Two weeks and three memorials into our Rwanda experience, we were nearly burned out. Lee suggested a pizza and movie night for the following Monday to alleviate the mounting stress, but for a few of us that break seemed too far away. So Friday afternoon, after a day full of lectures about the justice systems set up to deal with the aftermath of the genocide, eight of us jumped on a bus to Gisenyi. Although assignments were beginning to pile-up, we decided that we needed a mini spring break more and chilling out by Lake Kivu seemed like the perfect place to leave the genocide behind, just for a little bit. We were scheduled to see another memorial on Monday and I was desperate to prove, if only to myself, that I did more than visit memorials while in Rwanda. But Lee’s last comment of the day followed me onto the bus: “there is no justice after genocide”.
After three hours of nauseatingly windy roads, we arrived in Gisenyi. We arrived at the bus station without any idea where our guesthouse was located, and the pitch black darkness of the night did little to help us find our way. And it was pouring. We managed to find the Presbyterian Guesthouse with the help of some people also taking shelter from the rain at the bus station. Only half our group had rainwear with them, and I was not part of that lucky half, and most of us arrived completely drenched. Deena arrived with her backpack unzipped, the only evidence of an attempted pickpocket. Apparently the thief didn’t want her toothbrush all that much.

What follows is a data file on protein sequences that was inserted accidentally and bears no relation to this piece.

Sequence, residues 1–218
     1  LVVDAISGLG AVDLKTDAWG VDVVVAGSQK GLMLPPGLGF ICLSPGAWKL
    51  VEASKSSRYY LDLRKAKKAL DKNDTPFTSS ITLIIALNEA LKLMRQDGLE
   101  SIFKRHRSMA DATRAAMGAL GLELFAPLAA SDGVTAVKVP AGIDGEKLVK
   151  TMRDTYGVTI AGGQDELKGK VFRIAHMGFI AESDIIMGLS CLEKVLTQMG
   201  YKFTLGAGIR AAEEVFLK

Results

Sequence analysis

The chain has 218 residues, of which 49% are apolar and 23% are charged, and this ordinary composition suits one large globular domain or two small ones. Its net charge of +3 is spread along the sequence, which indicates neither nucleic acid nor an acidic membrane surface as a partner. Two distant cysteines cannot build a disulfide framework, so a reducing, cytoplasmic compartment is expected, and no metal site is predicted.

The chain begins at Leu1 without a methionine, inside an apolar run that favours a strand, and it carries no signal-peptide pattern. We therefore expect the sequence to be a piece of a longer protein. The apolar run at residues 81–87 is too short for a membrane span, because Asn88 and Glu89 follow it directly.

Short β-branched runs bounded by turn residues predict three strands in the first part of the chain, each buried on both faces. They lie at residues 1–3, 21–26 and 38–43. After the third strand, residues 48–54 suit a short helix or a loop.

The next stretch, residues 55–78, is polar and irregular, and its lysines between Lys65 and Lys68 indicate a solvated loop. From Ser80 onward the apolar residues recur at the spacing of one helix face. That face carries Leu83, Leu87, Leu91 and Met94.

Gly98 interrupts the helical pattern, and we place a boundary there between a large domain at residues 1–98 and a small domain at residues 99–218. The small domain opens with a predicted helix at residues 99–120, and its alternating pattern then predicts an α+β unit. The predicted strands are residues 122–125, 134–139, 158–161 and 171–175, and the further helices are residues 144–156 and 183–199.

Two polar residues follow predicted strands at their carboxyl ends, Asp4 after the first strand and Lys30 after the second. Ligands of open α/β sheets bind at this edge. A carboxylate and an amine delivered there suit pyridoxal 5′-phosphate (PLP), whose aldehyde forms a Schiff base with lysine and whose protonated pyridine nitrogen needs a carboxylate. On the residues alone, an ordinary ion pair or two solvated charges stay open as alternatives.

The next day wasn’t bright and sunny, but it was nice enough to go to the beach. It turns out you can’t go anywhere in Rwanda and hope to leave the genocide behind. Even if I hadn’t selected ‘The Media and the Rwanda Genocide’ as my light beach read, there is nowhere you can go where people weren’t brutally killed. In that sense, all of Rwanda is a memorial. Still, as we lay out on the beach, we tried to forget. When I swam, I didn’t think about all the people who were dumped into the lake, and when we indulged in western food served to us right on the beach, I didn’t think about the survivors who spent weeks hiding out in the bush, starving. Well, I didn’t think about it much.
After struggling with Murambi for the better part of a week, which in hindsight isn’t all that long, I began to make my peace with it when I realized that, naturally, the key to it all is balance. I don’t want to forget Murambi or any or my experiences just because remembering is painful. It would be a dishonor to the people who died and a disservice to the people who survived. But at the same time, you can’t dwell on it. Life goes on.
When the sun was spent and the rain began to fall, we left the beach. That night in the guesthouse, hardly able to stand the feeling of cloth against our burned bodies, we laughed at our shared pain as we passed a bottle of wine around. We woke to the sound of singing from the nearby church and breathed in the fresh morning air, the kind of clean that only follows a downpour.
A little lighter than when we’d left, we returned to Kigali, to the topic we’d come to Rwanda to study. The next day, only a week after Murambi, we visited another genocide site turned memorial. This time it was a church.
“Were there any survivors?” I asked Lee as we walked up the pathway.
“Probably,” he responded. “There are almost always survivors.”
He pointed to a house just beyond the fence.